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Douglas Laing are an independent bottler and blender of scotch whiskies based out of the city of Glasgow. Founded in 1948 by Fred Douglas Laing, the company is now being run by Cara, granddaughter of the founder and the third generation of the family to lead the business.
As well as bottling single cask single malt and single grain whiskies, Douglas Laing hold the rights to a range of successful blended scotch brands like The King of Scots and Clan Denny but it is perhaps for their blended malts that the company has become best known.
Beginning in 2005 with the release of Big Peat, a blend of malts from across the isle of Islay, the Remarkable Regional Malts brought together spirit from each of Scotland’s whisky regions, creating a definitive representation of each area’s traditional style.
Fourth in the series after Big Peat, Scallywag and Timorous Beastie was Rock Oyster. First released in 2015, this was a dram created to represent the wild, sea-sprayed nature of Scotland’s islands. Featuring malts from Islay, Arran, Jura and Orkney, the dram quickly found an appreciative audience, wooed by its sweet yet briney nature.
Following extensive global feedback, it was decided in April 2019 that Oysters were too divisive a subject to name a whisky after, so Rock Oyster became Rock Island, though the recipe and packaging would remain the same. To establish the new identity, a pair of new editions have been released. The first, a 10 year old, is a permanent addition to the range, whilst a 21 year old has been released in a batch limited to 4200 bottles worldwide.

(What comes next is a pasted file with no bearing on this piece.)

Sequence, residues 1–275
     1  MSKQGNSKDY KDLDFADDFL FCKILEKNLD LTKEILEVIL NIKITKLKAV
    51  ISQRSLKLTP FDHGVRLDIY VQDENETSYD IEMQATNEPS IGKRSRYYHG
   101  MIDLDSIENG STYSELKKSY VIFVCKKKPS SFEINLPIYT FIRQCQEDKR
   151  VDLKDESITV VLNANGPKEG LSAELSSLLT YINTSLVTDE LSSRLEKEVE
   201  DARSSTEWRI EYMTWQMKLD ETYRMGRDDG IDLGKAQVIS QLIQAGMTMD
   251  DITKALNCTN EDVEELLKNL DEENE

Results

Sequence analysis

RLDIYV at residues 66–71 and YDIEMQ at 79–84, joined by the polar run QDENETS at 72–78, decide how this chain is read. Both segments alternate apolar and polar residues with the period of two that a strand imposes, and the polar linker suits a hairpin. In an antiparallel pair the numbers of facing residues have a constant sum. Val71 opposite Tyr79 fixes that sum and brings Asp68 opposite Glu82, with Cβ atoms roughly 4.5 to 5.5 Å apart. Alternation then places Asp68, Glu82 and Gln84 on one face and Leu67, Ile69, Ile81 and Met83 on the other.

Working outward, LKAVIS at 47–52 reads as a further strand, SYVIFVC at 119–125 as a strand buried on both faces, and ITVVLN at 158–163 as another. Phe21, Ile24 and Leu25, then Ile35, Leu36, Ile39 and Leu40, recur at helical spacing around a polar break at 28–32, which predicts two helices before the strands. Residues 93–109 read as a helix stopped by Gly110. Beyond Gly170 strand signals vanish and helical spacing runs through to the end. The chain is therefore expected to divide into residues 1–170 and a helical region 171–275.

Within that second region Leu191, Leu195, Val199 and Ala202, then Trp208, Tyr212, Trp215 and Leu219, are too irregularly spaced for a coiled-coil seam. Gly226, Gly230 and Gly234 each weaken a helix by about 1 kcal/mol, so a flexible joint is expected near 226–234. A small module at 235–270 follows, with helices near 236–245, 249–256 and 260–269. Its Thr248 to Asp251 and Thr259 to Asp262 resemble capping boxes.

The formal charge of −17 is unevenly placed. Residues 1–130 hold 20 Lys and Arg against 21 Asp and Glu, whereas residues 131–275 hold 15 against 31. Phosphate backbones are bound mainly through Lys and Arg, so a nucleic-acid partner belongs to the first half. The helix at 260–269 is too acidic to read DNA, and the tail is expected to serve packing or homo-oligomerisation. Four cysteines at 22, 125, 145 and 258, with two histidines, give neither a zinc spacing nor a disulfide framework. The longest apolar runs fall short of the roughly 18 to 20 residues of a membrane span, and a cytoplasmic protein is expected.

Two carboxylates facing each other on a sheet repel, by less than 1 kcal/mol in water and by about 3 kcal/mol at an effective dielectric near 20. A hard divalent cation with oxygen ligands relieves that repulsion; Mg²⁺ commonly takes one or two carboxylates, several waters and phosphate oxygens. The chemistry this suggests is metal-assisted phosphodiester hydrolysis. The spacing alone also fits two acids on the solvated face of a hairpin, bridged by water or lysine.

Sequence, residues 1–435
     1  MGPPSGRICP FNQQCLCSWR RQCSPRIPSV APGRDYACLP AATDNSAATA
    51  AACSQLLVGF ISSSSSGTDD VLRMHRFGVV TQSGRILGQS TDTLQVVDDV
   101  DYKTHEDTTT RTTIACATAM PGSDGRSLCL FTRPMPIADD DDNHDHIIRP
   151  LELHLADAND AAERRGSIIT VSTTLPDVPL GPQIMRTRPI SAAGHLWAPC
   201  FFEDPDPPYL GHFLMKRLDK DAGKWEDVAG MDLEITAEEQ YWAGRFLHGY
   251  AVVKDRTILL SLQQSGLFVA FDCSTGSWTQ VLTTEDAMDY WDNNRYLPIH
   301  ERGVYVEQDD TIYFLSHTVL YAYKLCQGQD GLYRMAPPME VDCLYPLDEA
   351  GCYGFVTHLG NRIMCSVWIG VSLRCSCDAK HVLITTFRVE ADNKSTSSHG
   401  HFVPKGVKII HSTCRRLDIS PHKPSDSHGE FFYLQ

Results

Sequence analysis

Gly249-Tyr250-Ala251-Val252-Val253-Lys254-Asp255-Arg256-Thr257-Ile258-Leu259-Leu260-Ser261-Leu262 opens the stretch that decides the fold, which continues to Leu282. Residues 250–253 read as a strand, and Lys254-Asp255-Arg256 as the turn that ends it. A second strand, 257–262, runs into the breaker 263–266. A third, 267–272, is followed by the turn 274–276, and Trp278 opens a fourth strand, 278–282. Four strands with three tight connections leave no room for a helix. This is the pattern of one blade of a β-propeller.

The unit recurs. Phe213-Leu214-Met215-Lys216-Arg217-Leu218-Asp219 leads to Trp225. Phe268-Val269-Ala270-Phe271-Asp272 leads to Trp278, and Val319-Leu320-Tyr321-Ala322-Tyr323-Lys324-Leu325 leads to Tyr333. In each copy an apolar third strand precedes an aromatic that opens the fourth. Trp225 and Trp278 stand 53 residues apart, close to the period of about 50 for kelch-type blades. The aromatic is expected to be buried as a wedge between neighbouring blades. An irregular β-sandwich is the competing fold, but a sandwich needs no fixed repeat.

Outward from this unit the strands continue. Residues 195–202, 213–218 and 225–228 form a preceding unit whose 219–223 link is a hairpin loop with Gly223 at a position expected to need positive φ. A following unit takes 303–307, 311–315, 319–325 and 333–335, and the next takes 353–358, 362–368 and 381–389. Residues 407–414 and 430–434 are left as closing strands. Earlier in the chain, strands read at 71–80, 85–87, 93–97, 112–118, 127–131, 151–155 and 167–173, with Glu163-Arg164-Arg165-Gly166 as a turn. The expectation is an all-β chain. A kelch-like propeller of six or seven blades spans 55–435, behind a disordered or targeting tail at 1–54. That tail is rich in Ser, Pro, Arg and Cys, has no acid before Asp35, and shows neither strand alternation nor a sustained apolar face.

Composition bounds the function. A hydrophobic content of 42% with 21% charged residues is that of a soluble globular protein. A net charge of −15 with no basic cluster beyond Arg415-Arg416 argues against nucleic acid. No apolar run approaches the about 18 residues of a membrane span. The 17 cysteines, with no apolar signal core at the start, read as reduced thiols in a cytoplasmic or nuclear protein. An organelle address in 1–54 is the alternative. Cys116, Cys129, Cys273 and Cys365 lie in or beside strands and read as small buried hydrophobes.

10 Year Old
Smell: Lemon and lime, creamy vanilla ice cream, heather honey and malty cereal notes. Lots of brine and smoke.
Taste: Sea salt and pepper with vanilla. Touch of subtle oak. Orange and creamy malt. Peppery smoke and brine. Ash.
Thoughts: This range has been consistently nailing the value for money category for a long time now and by the looks of it, that isn’t about to change.
Takes the original Rock Oyster / Island and dials up the maturity a little, allowing an arguably better balance to be struck. For me though, it possibly lacks a little of the coastal bluster that the original NAS version carries so successfully.
21 Year Old
Smell: Somehow shows noticeably more wood influence than the 10 whilst also appearing fresher, with green apples and pears and that heather honey note again, before the ash and brine make their presence felt. The smoke is possibly even more of a presence than in the younger version, at least on the nose.
Taste: Salted caramel, toffee, honey, pepper, orange, chocolate and oak. More peppery spice then some soft smoke, subtle at first but rises at the finish to leave a dry, woody and peaty finish.
Thoughts: At £85 it is certainly not a cheap dram, but compare that price to a 21 year old single malt and we once again see the exceptional value for money that is to be found in the blended malt category.
It’s not that I didn’t enjoy the ten year old, I did, but this is something else entirely. A fantastic dram that takes the Rock Island template and ages it to a new level of maturity. Fantastically complex, it manages to show both the telltale signs of age whilst retaining a zip and a freshness you would expect from a much younger dram. Excellent.
You can buy the whiskies in this article from Master of Malt.
For Rock Island 10 year old click here
For Rock Island 21 year old click here
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For more on Rock Island and Douglas Laing, click here.